• There was movement at the station: western education at Moola Bulla,
    • First page: 75
      Abstract: History of Education Review, Ahead of Print.
      Purpose The focus of this paper is to centre the lived experiences and perceptions of western education held by Aboriginal people who lived at Moola Bulla Native Cattle Station (Moola Bulla) in Western Australia, between 1910 and 1955. Of interest is an investigation into how government legislations and policies influenced these experiences and perceptions. The purpose of this paper is to promote the powerful narrative that simultaneously acknowledges injustice and honours Aboriginal agency. Design/methodology/approach The research from which this paper is drawn moves away from colonial, paternalistic and racist interpretations of history; it is designed to decolonise the narrative of Aboriginal education in remote Western Australia. The research uses the wide and deep angle lens of qualitative historical research, filtered by decolonising methodologies and standpoint theory. Simultaneously, the paper valorises the contributions Indigenous academics are making to the decolonisation of historical research. Findings Preliminary findings suggest the narrative told by the residents who were educated at Moola Bulla support a reframing of previous deficit misrepresentations of indigeneity into strength-based narratives. These narratives, or “counter stories”, articulate resistance to colonial master narratives. Social implications This paper argues that listening to Aboriginal lived experiences and perceptions of western education from the past will better inform our engagement with the delivery of equitable educational opportunities for Aboriginal students in remote contexts in the future. Originality/value This paper will contribute to the wider academic community by addressing accountability in Aboriginal education. Most important to the study is the honouring of the participants and families of those who once lived on Moola Bulla, many who are speaking back through the telling of their story.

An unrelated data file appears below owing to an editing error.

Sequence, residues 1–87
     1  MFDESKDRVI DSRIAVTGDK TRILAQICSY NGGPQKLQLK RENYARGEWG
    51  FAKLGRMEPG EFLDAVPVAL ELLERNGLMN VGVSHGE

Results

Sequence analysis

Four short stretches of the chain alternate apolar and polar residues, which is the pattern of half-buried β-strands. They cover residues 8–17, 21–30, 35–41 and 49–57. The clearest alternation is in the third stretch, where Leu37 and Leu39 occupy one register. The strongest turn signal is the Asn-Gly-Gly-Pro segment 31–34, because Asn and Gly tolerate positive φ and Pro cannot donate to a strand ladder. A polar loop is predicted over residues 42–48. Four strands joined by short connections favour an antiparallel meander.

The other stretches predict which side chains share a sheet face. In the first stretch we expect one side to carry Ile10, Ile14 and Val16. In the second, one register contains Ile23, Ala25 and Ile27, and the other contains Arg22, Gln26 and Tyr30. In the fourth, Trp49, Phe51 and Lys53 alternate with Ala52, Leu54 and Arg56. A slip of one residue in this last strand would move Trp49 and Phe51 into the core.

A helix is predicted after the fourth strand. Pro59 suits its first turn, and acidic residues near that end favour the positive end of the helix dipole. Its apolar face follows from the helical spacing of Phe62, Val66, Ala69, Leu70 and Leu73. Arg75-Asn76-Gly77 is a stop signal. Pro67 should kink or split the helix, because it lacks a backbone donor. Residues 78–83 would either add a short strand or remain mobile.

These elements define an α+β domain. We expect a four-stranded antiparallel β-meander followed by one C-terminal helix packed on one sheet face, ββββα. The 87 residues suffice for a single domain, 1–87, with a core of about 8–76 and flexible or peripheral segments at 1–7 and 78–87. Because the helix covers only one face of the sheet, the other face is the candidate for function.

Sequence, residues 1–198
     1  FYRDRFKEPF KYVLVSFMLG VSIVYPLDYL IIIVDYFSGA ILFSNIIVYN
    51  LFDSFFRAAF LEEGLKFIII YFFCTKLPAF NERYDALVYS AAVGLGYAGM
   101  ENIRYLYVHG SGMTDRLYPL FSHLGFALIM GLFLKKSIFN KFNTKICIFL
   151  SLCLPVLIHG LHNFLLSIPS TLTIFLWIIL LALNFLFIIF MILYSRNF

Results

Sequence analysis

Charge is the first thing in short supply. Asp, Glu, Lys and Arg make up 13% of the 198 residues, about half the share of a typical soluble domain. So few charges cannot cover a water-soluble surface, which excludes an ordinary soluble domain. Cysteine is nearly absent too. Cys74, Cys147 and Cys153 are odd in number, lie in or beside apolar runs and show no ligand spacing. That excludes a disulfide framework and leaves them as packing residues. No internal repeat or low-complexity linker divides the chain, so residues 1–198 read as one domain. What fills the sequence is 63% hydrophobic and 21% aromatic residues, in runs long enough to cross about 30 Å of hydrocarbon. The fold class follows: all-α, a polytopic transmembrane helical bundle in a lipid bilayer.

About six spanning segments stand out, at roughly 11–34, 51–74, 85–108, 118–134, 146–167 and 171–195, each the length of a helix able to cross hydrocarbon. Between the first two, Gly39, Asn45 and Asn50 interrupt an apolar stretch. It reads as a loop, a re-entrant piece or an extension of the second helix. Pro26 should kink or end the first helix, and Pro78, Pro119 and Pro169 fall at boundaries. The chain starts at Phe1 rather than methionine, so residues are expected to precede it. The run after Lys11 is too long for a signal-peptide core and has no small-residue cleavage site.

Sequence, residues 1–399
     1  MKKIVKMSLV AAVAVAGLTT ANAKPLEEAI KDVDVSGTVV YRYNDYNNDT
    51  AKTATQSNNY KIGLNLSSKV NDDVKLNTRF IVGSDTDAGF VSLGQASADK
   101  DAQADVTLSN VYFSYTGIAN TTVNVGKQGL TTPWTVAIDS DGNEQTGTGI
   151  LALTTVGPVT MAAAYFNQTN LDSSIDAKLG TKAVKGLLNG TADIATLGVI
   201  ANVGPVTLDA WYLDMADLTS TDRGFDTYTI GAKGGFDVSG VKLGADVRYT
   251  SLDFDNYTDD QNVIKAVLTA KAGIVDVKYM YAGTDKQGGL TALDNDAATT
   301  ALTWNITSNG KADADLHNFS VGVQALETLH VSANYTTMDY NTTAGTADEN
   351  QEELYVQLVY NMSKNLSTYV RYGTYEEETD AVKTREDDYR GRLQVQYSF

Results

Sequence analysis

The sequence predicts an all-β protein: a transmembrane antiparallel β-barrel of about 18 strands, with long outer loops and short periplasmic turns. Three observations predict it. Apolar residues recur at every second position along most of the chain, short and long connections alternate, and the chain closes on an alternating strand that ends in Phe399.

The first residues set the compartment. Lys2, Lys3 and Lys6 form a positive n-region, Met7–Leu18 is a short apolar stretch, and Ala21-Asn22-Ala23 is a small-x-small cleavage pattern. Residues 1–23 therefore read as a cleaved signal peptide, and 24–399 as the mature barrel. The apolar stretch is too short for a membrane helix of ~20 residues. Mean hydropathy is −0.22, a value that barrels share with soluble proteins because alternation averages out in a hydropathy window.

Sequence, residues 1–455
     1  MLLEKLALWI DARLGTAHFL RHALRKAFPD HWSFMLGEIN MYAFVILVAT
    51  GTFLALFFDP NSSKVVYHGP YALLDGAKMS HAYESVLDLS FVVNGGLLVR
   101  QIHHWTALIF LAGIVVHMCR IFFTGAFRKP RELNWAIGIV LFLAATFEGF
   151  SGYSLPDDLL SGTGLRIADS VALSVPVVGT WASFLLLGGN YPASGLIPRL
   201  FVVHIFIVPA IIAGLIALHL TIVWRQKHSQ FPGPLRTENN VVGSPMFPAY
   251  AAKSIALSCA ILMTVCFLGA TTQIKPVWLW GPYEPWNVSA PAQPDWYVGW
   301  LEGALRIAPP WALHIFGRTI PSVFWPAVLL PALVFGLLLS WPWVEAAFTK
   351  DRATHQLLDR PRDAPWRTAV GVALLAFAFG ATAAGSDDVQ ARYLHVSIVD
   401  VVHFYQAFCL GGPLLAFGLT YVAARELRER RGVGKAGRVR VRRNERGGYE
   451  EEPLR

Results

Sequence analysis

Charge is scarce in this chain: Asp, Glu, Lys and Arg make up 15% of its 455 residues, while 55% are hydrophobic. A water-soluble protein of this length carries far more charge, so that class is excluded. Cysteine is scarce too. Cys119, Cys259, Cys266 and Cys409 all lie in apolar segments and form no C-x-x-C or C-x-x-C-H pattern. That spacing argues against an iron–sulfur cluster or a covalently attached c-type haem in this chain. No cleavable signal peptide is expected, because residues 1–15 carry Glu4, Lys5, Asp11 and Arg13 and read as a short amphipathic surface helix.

Citation: History of Education Review
      PubDate: 2019-06-07T10:12:31Z
      DOI: 10.1108/HER-10-2018-0024
  • Mindfulness for teachers: notes toward a discursive cartography
    • First page: 91
      Abstract: History of Education Review, Ahead of Print.